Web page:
Jim Hacking (00:13:04) - And that might be you and a role that you're carrying. You might need to be not the one in charge of that role.

Tyson Mutrux (00:13:09) - So there's a lot in there that that a lot of different things, like when it comes to like leads and accountability with with your people, because some of some of the stuff that I looked at when it comes to like in prepping for this, because you you've got these numbers right. So let's say that you there's a certain number of leads that you want to get or sign cases. We'll say sign cases a month that you want to target you have is your target in. And I'm talking more from, you know, personal experience. Like earlier in this year we saw a dip right. We saw a dip in sign cases. And we're like okay what's going on? What it allows you to do because it's out in the open. Let's start assessing things and figuring out what's wrong with it. So you can you can point to those things and we're okay. We started to dial things back in.

Tyson Mutrux (00:13:55) - Right. So now we're back up. We're if we just kind of let that go right. And the people that are responsible for that, let them just kind of do their own thing. We wouldn't have fixed it by now. Right. And so something we did I've talked about top grading before is we were implementing all these different things, and we had other areas where we were tracking them and people didn't like it. And those people aren't the people in our firm anymore, right? It sucks, but that's the reality of it. And so if you have that, if you had the pushback, I don't I don't I don't like you tracking that. I guess what they're not they shouldn't be in your firm. They should not be in your firm. And that to me is like what's really interesting because you start to track these things, you get them out in the open and you shine a light on it. Right? It's like the rats, you know, running around. They don't like it.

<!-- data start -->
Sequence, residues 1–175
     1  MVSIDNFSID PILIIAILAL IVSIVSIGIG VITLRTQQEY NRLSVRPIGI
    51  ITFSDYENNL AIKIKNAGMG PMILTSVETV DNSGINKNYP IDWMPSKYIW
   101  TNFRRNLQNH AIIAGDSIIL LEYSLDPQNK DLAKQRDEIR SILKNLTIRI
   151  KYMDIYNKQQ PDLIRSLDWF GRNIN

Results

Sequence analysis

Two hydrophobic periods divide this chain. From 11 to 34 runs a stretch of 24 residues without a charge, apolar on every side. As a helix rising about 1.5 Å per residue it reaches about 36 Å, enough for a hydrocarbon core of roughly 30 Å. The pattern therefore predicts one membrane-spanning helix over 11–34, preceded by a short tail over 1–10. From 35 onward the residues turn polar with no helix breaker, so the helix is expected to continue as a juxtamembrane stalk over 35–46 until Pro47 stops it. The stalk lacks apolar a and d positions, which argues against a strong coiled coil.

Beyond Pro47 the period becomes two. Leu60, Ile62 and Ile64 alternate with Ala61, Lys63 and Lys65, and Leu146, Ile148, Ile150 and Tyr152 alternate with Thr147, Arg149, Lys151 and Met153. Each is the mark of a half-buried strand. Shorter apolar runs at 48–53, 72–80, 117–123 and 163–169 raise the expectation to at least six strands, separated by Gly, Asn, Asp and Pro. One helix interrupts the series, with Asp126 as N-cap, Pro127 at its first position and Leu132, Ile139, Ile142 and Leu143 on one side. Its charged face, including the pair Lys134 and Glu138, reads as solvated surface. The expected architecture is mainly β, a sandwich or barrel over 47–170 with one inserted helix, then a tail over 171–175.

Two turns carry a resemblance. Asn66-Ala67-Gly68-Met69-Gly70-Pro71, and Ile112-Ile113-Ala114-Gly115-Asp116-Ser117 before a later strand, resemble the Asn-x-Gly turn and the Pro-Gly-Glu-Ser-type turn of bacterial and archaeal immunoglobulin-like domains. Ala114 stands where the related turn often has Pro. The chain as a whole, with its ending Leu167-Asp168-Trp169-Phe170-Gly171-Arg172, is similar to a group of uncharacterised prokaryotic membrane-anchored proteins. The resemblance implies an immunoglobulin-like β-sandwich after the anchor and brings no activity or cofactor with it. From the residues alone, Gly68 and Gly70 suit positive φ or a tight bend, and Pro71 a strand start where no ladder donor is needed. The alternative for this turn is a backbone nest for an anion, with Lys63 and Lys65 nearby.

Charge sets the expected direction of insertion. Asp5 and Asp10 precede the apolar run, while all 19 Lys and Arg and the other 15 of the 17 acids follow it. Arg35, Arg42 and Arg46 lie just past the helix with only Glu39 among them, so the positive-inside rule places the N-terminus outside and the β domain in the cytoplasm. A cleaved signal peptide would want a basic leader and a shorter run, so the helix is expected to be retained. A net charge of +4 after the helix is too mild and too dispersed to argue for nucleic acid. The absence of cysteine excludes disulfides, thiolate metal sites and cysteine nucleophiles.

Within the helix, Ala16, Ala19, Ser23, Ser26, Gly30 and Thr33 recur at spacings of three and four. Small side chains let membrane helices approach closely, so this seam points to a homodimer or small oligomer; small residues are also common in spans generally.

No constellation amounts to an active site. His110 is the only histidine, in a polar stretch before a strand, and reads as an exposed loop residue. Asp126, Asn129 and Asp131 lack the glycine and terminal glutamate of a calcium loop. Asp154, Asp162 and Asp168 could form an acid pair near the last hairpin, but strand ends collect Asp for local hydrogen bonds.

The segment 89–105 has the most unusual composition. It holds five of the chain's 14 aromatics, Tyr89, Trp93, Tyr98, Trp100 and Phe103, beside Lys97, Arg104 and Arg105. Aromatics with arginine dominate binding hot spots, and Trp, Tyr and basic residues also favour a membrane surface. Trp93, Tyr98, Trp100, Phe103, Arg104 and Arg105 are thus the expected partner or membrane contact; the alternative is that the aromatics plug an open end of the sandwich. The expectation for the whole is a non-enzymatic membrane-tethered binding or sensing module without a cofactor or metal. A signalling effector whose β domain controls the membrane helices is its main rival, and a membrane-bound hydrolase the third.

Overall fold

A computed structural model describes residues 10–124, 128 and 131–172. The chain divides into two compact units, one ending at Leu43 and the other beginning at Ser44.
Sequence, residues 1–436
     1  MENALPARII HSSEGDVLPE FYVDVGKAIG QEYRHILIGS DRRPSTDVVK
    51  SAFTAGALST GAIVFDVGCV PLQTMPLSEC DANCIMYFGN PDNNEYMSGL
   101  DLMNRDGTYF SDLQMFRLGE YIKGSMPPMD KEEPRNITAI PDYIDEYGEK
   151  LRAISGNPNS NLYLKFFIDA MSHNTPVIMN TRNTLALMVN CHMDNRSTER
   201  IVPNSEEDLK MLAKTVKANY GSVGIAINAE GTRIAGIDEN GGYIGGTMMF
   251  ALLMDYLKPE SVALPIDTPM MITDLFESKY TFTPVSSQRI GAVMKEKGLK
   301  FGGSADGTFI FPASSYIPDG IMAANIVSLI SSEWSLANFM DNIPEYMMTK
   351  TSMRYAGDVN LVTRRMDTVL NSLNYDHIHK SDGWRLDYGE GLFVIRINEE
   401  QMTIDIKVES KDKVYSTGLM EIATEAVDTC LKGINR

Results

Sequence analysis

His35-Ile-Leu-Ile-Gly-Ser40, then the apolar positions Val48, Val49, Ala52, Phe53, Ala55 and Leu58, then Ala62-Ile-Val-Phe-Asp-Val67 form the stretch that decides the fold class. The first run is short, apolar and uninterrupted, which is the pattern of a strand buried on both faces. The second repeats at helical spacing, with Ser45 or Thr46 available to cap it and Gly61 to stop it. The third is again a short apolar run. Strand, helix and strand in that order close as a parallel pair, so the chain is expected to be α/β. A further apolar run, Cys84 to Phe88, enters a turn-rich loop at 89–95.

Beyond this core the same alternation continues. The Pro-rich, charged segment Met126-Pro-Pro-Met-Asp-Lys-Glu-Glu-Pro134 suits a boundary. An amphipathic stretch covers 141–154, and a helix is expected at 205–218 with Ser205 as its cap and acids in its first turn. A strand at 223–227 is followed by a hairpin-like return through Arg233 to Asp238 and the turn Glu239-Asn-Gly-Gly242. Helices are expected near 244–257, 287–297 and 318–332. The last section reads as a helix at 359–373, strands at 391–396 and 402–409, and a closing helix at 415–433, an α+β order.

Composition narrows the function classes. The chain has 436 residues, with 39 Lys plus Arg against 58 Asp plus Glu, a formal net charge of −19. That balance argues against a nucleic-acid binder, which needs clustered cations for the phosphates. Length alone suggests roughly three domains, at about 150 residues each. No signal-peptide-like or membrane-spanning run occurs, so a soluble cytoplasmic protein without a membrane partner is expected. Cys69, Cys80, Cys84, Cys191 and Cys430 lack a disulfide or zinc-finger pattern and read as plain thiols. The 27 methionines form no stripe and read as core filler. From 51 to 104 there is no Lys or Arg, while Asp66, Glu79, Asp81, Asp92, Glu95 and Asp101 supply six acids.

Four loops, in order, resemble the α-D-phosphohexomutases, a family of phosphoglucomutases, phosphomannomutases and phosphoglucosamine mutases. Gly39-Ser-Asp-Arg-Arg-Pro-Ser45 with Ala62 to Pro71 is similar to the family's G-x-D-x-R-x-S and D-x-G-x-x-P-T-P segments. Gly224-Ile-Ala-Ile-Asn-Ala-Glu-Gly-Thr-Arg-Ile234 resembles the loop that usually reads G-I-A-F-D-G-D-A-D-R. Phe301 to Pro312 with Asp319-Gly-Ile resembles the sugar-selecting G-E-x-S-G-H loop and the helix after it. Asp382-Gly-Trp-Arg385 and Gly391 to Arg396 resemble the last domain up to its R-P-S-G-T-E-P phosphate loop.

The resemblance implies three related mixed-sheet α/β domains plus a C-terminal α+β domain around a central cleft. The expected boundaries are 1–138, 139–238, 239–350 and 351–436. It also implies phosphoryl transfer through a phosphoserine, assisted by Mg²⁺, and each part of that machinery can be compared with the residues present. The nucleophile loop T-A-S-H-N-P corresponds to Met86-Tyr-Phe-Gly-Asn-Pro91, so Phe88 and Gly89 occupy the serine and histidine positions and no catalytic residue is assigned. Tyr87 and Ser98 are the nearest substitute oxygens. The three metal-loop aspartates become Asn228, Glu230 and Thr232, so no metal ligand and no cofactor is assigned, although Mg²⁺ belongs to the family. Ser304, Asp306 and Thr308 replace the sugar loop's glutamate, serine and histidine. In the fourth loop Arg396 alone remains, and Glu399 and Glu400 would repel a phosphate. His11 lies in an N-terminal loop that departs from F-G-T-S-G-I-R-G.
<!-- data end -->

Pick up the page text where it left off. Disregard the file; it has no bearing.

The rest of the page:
Jim Hacking (00:14:43) - And just that's just what I was going to say. There are vampires in our firm, and there are vampires who are known, and there's vampires who are not known. And the light, the light, the, you know, the vampires go screaming away or the rats go screaming away. And when you when you do it in a fair way and it's it's objective and it's not bullying, but it's actually just, hey, this is this is the situation when it becomes much more objective, it takes the emotion out of it. It is out there for all to see. You're going to get buy in from other team members. They're going to understand why you make certain decisions that you make. So I think that's really important.

Tyson Mutrux (00:15:21) - And I think that with with that I think it's important. Like it's not it's not about being. Accusatory and say, you did this or you did that, or you're not doing that. It's really about like, how do we fix the issue? And if you've got people that are kind of sabotaging you because they're kind of trying to sweep things under the rug, they don't want you to see, right? They're like, oh, I don't want that number out there.

Tyson Mutrux (00:15:38) - I don't want the that's where like it's to me it's a really big red flag where because we started to get the we've talked about this before. That's not how we used to do things or like I don't really I like the way the firm used to be. It's because we didn't we didn't hold you accountable. Who wouldn't like that? That's right. Who wouldn't like that? Right. You got to come in and do whatever you wanted, right?

Jim Hacking (00:15:58) - So I think it was President Bush that said the tyranny of low expectations, right? So if we if we are not holding our team to a high standard, if we're not holding ourselves to a high standard, then like I said, you're just going to get what you accept and it's just going to be really, really bad.

Tyson Mutrux (00:16:15) - All right. So I want to let's shift gears a little bit because I want to go to, I want to kind of go to your favorite topic. I thought we would start here, but we've got another things. What are some signs that leads like the marketing is not working for you because you've I mean, you've done it like the highest level and you've tweaked you've changed things quite a bit.

Tyson Mutrux (00:16:35) - It's like what? Like what? What are you looking at? Like what do you like? Okay. Like what pisses you off? You're like, I don't this is this drives me nuts. You know what I mean?